Mystery Tea Pot

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Mystery Tea Pot

Post by Marcusborra on September 8th 2015, 6:18 pm

This is a very small tea pot ( or coffee pot) with the upper section decorated in blue & white similar to Chinese ceramics. The lower section has a snakeskin patters with green and white enamel flowers. There is the odd iron rust spot which makes me think that it is Chinese. A previous owner has written on the base in pencil.
Has anyone seen something like this before?


Height: 13ccm

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Re: Mystery Tea Pot

Post by NaomiM on September 8th 2015, 6:49 pm

It looks Japanese and fairly new. Someone's signed it Canterbury 19th 98' - maybe a birthday or anniversary date. I suspect they bought it new in 1998

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Re: Mystery Tea Pot

Post by Marcusborra on September 8th 2015, 8:11 pm

Thanks Naomi, you have pointed me in the right direction. On a well known auction which will be nameless there is a small globular teapot with the identical decoration.
" ANTIQUE JAPANESE MEIJI BANKO SALT GLAZED TEA POT"
Don't know how they identified this. Shrugs
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Re: Mystery Tea Pot

Post by Marcusborra on September 8th 2015, 9:01 pm

This seems to be an early item made for export when stocks of white clay were still available.

Banko is a group of rustic Japanese wares made during the Meiji Period in the nineteenth and twentieth centuries. Some pieces are made of mosaics of coloured clay, some are fanciful teapots.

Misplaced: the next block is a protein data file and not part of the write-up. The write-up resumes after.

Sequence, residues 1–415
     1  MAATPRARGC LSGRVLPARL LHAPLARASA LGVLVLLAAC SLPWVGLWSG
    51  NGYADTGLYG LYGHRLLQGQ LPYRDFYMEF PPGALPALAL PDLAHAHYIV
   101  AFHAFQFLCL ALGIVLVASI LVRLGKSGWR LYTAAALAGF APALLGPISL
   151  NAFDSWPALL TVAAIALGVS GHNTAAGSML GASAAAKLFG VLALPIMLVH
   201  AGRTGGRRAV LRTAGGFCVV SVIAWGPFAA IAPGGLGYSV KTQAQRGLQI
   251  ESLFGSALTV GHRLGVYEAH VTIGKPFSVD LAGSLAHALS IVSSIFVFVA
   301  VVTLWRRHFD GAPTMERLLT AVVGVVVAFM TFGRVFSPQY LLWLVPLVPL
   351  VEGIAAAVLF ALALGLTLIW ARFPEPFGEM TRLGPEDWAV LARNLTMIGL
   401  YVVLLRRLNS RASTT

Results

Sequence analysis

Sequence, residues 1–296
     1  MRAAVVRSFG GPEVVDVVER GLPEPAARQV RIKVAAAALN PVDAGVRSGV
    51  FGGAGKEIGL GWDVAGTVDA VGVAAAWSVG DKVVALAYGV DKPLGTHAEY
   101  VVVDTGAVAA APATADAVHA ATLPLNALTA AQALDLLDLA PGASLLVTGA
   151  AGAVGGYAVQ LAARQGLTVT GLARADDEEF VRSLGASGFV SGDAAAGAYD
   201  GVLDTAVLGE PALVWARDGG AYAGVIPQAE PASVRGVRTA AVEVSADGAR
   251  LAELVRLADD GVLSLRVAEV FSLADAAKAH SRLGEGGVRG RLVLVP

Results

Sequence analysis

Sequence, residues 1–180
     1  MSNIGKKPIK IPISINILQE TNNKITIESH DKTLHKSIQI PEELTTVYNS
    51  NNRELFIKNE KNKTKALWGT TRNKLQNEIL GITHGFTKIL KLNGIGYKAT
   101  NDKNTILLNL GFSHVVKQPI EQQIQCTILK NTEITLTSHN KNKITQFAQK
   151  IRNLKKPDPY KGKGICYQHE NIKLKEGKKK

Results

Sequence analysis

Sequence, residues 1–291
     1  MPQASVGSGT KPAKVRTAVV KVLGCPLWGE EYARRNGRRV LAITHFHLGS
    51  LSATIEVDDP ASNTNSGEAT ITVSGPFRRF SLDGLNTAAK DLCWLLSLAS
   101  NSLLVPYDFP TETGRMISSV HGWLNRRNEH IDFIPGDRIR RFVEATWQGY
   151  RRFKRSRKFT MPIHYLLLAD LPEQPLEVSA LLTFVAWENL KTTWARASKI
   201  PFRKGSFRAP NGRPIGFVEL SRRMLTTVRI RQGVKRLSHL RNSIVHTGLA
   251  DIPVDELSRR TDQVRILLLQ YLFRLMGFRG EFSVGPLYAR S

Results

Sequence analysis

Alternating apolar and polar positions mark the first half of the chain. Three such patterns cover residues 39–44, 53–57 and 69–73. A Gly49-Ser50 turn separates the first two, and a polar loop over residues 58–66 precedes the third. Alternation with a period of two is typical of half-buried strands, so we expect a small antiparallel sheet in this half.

The Banko mark, a small incised oval with Japanese characters, was often used on the pottery.

Bankoyaki was established in the mid 1700ís in Obuse in Mie-pref. by a powerful merchant, Nunami Rouzan. His strong interest in tea ware lead to the production of original designs with foreign influences (such as arabesque) and became very popular in Edo.
After the death of Rouzan, production ceased until the 1800ís when two talented young brothers Mori Yusetsu and Senchu set up a kiln and started reproducing old Banko ware. By this time peopleís preferences were taking a turn towards † delicate and ornate pieces so the Mori brothers made use of new techniques such as wood molding and the use of vitreous enamel to paint moriage (raised) motifs etc.
In 1870 Yamanaka Chuzaemon established a kiln in Yokkaichi-city where great numbers of delicate, thin bodied teapots made of white clay were produced for export. When this white clay became scarce, the remaining clay, rich in iron was used to make teapots on the potterís wheel. This was how shidei teapots came to be made in Yokkaichi-city, starting a tradition that continues to this day.
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